The top of the game depends on the grass roots—that is certainly the game's tradition, although it does little for the plight of the smaller clubs that the larger ones bring in indifferent players from abroad and pay them excessive wages, rather than buying players from the lower leagues as they used to.
David Beckham, too, has come out against changes in the timing of televised matches, if only because he does not like having to eat pasta at 9 am on match day to prepare for a noon kick-off. While his diet should not be our top concern, it is interesting that people at that level of the game are making such points.
The threat from Europe is serious. The Bosman ruling has already done a great deal to disrupt the natural balance of the game, and what is threatened will make it a great deal worse. We should do anything that we can to put the European Union on to a healthier course, and if that involves a trip to Europe to plead the case, timed around a good match, I am sure that either I or my hon. Friend the Member for Colchester (Bob Russell) will be only too pleased to support the endeavour.
§ Mr. John Greenway (Ryedale)
I, too, congratulate the hon. Member for Feltham and Heston (Alan Keen) on securing the debate. The first live televised match that I, like him, saw was the Blackpool v. Bolton cup final. I remember that Arsenal won the league that season, and 50 years later I am still a gooner. I should also remind hon. Members that for the past 15 years I have been the president of York City football club. The last time we discussed this matter in Westminster Hall, the club had just about gone into administration—it is now out, and a supporters' trust is in charge in the boardroom. Although listed events are not as controversial as they were, the televising of sport remains a live issue, and the debate has provided us with the opportunity to reflect on it. Hon. Members have referred to the situation in the premier league; clearly, the after-effects of the collapsed ITV Digital deal with the football league are still being felt by many league clubs.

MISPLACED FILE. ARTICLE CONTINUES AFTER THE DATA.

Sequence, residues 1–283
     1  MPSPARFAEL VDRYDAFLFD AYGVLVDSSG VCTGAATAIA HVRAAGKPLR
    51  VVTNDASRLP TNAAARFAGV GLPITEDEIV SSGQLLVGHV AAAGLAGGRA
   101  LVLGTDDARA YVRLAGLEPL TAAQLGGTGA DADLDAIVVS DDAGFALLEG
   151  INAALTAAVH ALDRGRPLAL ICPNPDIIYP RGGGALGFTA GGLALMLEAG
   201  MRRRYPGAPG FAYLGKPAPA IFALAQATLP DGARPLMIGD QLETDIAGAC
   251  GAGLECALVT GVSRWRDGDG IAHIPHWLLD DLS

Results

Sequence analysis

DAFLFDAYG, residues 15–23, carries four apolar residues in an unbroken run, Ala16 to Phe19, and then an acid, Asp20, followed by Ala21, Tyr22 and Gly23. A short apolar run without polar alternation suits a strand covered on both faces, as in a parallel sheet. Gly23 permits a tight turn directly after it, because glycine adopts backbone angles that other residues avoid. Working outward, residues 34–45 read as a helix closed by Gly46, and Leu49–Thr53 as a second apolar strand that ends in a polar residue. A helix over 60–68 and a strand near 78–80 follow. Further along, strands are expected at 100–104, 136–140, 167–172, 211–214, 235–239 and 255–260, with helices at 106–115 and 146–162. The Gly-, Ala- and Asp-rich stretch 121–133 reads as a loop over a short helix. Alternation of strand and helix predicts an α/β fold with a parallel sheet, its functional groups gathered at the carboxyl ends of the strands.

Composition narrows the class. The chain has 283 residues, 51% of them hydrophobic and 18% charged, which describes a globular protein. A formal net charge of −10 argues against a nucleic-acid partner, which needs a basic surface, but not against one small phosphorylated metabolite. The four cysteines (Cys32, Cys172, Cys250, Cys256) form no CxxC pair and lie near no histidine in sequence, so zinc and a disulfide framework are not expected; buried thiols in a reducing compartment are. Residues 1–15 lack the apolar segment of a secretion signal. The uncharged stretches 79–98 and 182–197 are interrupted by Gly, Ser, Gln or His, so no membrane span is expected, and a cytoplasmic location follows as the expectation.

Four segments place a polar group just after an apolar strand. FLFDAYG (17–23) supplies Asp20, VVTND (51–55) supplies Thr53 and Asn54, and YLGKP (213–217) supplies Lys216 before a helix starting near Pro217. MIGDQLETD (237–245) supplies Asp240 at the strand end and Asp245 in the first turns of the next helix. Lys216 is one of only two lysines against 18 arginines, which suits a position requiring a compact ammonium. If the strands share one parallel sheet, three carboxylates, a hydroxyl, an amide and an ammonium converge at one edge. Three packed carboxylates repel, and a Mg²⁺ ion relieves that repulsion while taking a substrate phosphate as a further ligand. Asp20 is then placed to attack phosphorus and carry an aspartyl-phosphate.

The subject of listed sporting events was discussed briefly in the Standing Committee of the Communications Bill as recently—or perhaps I should 272WH say to the Minister, as long ago—as 23 January. How the weeks fly by! It was interesting that no one sought to amend the Bill; the Committee had a stand part debate. The existing arrangements for lists A and B seemed to be generally accepted as the settled position. It is fair to say that the group A list will always remain central to the life of the nation. Suggestions are made from time to time about how we might extend it. Some have argued that the British grand prix for Formula 1 motor racing should be on the list. I believe that day 3 of the Ryder cup should be on the A list, for the reason that I outlined in my intervention on the hon. Member for Selby (Mr. Grogan), and I think the Minister was impressed by that. I understand that the Bill allows Ofcom to review the lists and make recommendations to Ministers. I hope that what we have said today will help them to realise that we believe that some amendments may be appropriate in the years ahead.
In maintaining a list at all—this was the point made by the hon. Member for Sittingbourne and Sheppey (Mr. Wyatt)—we are likely to deprive the listed sports of the full revenue that they might have received had there been an open market for the sale of rights. When we are establishing the lists and deciding on the sporting bodies, we must strike a balance, but I recall that far more controversy surrounded this issue in the Standing Committees considering the 1990 and 1996 Broadcasting Bills than it does now. I believe that the lists are relatively settled.